34. The Watsons Go to Birmingham – Curtis (1995) — history curriculum, required reading for the whole 5th grade 33.James and the Giant Peach – Dahl (1961) — again, reading curriculum beyond my group’s range. 32. Mrs. Frisby and the Rats of NIMH – O’Brian (1971)
31. Half Magic – Eager (1954) — Wonderful fun! Pure silly! A great read-aloud. My students loved it.
30. Winnie-the-Pooh – Milne (1926) 29. The Dark Is Rising – Cooper (1973)
28. A Little Princess – Burnett (1905)
27. Alice I and II – Carroll (1865/72)
26.Hatchet – Paulsen(1989) — Another loved read aloud. Kids hang on the edge of their seats.
25. Little Women – Alcott(1868/9)
24. Harry Potter and the Deathly Hallows – Rowling (2007)
23. Little House in the Big Woods – Wilder (1932)
22. The Tale of Despereaux – DiCamillo (2003) — Wonderful Story! 21. The Lightening Thief – Riordan (2005) — I recently received a recommendation from a 5th grader, so I may have to read it.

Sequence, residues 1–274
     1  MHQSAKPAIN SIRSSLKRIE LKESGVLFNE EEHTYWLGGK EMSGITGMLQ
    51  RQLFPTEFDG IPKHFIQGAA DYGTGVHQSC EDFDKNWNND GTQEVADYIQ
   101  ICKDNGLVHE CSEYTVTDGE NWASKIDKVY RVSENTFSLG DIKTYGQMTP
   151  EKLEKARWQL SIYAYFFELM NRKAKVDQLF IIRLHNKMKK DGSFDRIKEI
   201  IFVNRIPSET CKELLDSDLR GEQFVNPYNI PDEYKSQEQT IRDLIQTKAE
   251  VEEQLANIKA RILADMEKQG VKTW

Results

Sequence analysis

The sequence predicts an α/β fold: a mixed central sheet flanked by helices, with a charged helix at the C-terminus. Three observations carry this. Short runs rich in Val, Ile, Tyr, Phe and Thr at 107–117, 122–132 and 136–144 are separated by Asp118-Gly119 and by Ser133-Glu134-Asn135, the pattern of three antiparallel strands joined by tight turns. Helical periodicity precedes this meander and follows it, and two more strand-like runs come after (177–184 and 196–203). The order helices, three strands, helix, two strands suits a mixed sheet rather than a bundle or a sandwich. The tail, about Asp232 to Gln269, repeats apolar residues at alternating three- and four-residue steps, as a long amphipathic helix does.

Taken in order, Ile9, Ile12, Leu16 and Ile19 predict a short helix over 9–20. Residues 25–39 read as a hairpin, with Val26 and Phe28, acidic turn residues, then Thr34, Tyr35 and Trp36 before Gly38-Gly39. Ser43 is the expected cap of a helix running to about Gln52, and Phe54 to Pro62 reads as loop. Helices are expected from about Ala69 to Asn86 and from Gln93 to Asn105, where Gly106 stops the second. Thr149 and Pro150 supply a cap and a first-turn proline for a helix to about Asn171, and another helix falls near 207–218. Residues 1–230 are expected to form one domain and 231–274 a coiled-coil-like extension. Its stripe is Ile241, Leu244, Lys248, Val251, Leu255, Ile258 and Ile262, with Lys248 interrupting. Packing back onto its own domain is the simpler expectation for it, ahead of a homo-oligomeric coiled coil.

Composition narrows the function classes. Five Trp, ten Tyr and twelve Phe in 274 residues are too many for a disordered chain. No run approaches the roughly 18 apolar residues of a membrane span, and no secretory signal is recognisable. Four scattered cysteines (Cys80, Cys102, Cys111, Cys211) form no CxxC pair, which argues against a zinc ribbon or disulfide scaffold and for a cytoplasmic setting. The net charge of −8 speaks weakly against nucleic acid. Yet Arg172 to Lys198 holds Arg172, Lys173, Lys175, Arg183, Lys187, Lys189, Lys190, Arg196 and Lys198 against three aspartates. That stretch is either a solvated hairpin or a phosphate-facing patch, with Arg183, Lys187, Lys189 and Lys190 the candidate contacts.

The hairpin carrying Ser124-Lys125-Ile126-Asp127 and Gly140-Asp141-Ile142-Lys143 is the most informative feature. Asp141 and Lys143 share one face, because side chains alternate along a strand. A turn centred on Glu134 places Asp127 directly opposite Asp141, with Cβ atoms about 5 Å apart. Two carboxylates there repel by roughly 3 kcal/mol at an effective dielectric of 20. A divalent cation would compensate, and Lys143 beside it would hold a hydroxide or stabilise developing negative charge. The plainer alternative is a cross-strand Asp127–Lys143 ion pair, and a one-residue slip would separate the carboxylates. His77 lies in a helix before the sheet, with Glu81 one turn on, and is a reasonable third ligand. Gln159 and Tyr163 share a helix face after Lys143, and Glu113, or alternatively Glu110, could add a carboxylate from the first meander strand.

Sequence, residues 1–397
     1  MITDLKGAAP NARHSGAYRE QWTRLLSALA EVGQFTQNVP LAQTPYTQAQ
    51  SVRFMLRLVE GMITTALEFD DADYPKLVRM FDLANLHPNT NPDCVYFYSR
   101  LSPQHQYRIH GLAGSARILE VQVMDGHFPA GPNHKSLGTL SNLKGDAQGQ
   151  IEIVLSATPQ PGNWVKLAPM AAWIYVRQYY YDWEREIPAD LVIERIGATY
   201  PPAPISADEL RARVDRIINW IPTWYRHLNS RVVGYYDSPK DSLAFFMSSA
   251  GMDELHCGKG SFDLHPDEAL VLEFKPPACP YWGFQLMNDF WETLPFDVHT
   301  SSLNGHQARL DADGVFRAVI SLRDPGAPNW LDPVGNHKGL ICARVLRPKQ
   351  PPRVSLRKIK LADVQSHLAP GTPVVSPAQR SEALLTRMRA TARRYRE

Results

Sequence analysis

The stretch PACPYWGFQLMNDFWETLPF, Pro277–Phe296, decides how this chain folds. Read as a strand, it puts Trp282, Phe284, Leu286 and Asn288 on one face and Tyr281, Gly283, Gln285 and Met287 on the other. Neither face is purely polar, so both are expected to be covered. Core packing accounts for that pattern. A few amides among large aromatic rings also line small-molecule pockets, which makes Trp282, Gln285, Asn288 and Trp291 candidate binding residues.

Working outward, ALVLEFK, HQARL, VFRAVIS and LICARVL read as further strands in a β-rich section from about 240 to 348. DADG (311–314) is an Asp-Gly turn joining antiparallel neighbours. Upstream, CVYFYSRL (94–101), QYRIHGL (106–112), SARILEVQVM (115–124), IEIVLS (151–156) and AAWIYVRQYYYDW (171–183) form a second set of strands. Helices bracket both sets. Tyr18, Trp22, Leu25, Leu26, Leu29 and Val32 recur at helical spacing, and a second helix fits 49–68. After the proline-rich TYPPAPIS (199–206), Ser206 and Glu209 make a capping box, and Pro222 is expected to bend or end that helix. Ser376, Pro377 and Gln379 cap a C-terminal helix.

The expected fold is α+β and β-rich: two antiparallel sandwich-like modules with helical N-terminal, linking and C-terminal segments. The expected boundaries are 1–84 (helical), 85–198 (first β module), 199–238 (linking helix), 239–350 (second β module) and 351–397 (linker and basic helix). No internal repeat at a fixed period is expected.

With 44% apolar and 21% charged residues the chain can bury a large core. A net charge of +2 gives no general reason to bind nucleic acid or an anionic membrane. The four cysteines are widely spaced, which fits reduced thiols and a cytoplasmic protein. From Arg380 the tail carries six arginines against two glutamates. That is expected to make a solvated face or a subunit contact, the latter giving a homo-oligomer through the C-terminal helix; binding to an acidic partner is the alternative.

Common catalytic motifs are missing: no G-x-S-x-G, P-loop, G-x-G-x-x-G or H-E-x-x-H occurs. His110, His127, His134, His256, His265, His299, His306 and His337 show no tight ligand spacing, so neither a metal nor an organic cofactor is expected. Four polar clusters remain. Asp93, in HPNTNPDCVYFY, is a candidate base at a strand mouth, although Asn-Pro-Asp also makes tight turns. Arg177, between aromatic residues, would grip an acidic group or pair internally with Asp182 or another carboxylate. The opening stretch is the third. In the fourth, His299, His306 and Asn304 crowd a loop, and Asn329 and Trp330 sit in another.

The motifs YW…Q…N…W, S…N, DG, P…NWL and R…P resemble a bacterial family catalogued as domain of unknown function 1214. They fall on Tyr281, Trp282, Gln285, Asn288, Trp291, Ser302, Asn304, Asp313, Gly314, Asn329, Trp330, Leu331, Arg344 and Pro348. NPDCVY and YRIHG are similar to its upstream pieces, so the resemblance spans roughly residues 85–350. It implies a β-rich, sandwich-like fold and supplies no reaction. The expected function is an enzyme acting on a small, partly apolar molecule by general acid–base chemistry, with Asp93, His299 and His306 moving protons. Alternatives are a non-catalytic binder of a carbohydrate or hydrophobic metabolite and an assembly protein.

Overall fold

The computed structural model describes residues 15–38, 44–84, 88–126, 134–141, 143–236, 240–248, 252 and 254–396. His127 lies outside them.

20.Tuck Everlasting – Babbitt (1975) — Don’t judge the book by the film. Excellent read and kids start talking philosophy!
19. Charlie and the Chocolate Factory – Dahl (1964)
18.Matilda – Dahl(1988) — Another classroom favorite. Had 5 copies and there was always a waiting list.
17. Maniac Magee – Spinelli(1990) — Excellent read! 16. Harriet the Spy – Fitzhugh (1964)
15. Because of Winn-Dixie – DiCamillo (2000)
14.Harry Potter and the Prisoner of Azkaban – Rowling (1999)
13. Bridge to Terabithia – Paterson (1977)
12.The Hobbit – Tolkien (1938) 11. The Westing Game – Raskin (1978) — again, reading curriculum above my group’s level.
10. The Phantom Tollbooth – Juster (1961) — again, reading curriculum above my group’s level.
9.Anne of Green Gables – Montgomery (1908)
8. The Secret Garden – Burnett (1911)
7.The Giver -Lowry (1993) — hate the ending
6.Holes – Sachar (1998) — excellent classroom read aloud — the book is much better than the movie, which leaves out the best parts!
5. From the Mixed-Up Files of Mrs. Basil E. Frankweiler – Koningsburg (1967) — again, reading curriculum above my group’s level.